Marchand, Trevor H.J. (2009) The Masons of Djenné. Bloomington Indiana: Indiana University Press. (winner of the AfAA Elliot P. Skinner Prize, the ASA 2010 Melville J. Herskovits Award, and the RAI Amaury Talbot Prize for African Anthropology)
Djenné has been a thriving settlement for more than two millennia. The city played an historic role in the great Niger kingdoms of West Africa and, together with Timbuktu, it controlled the commerce in gold, salt and slaves that plied the mighty river. The allure of Djenné’s riches and defensible location attracted a cosmopolitan population of merchants and scholars, and a class of wealthy patrons who built one of Africa’s finest urban centers. Its ancient mud-building tradition has survived a challenging physical environment and centuries of political upheaval and social change. Throughout the twentieth century, the monumental architecture of this island town was instrumental in constructing Mali’s colonial and postcolonial identities. Djenné’s inclusion on UNESCO’s roster of World Heritage sites in 1988 has promoted international appreciation of its unique urban landscape; ‘Sudanese’ style mosque and merchant-traders’ houses. At the core of Djenné’s architectural production are the town’s masons. These craftsmen are members of an ancient association (barey ton) with a rigid trade hierarchy and apprenticeship training system. The long apprenticeship forms individuals into technically competent masons with recognized status and a strong sense of moral duty to their community. While working on site, novices are introduced to a professional lore that includes secret knowledge and protective rituals, as well as claims to origins, ethnicity and masculinity. Based on field experience as a building laborer and apprentice, The Masons of Djenné reveals the rich and complex combination of know-how and socialization that engender a mason’s distinctive comportment and identity. Ethnographic accounts of daily life, fluctuating economics, changing aesthetics and rapidly encroaching global technologies are woven into narratives about the successive stages of house building, from sanctified foundations to sculptural decoration. The chapters of this book are detailed portrayals of the shifting fortunes and social lives of Djenné’s masons.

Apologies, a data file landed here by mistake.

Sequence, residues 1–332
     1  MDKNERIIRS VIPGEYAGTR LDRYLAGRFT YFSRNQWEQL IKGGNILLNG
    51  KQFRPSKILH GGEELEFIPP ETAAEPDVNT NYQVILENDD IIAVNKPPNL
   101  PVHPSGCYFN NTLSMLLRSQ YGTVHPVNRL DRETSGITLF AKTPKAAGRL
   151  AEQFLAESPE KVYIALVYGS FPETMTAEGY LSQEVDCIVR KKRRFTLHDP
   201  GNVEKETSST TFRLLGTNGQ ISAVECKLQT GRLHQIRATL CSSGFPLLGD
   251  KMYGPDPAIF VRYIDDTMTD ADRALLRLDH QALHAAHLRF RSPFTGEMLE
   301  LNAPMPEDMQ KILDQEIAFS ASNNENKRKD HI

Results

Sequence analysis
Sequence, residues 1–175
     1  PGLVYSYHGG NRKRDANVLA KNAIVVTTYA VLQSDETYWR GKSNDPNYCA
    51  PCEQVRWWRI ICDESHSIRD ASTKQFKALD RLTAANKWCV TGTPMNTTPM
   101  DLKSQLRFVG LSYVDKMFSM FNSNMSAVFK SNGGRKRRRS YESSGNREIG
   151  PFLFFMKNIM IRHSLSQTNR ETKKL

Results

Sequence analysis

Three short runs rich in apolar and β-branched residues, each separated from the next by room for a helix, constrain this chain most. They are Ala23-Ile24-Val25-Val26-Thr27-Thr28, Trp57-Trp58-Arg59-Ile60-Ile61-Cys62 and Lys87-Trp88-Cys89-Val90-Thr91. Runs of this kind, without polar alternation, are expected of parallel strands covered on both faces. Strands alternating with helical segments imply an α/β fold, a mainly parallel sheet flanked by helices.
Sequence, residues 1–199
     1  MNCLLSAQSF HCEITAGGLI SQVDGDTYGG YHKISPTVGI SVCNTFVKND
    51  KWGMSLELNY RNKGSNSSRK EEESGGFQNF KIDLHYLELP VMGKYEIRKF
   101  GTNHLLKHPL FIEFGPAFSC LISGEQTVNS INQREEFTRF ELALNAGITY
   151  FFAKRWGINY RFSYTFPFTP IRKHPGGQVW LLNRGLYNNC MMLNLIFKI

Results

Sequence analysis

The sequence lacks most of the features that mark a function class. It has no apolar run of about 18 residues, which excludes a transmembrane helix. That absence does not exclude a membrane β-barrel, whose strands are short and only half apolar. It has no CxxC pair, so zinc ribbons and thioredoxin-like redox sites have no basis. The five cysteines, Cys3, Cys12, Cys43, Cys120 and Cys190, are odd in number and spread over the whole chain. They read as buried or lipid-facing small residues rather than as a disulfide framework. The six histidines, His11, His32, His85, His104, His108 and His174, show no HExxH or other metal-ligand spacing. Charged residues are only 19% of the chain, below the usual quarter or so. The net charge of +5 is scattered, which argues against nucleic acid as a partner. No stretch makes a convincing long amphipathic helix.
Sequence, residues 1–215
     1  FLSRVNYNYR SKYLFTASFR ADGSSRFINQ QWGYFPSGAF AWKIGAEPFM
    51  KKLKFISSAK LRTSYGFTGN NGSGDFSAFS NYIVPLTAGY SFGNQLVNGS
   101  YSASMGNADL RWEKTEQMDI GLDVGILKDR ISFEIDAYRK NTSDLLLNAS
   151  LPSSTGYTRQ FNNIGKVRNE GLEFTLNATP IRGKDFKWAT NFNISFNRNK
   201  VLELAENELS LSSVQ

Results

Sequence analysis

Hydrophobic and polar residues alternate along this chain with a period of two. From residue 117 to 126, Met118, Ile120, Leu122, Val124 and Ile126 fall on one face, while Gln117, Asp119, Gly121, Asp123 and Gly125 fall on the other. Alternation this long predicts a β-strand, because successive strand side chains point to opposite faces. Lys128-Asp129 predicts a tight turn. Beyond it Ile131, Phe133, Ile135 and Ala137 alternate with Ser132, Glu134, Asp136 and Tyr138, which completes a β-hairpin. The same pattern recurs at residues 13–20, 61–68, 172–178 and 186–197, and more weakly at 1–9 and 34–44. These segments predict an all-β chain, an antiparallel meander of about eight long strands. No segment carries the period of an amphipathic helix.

|Item Type:||Authored Books|
|Keywords:||anthropology, architecture, Mali, Africa, apprenticeship, masonry|
|SOAS Departments & Centres:||Faculty of Arts and Humanities > Department of Anthropology and Sociology|
|Subjects:||H Social Sciences > H Social Sciences (General)|
|Depositing User:||Trevor Marchand|
|Date Deposited:||09 Jun 2008 08:55|
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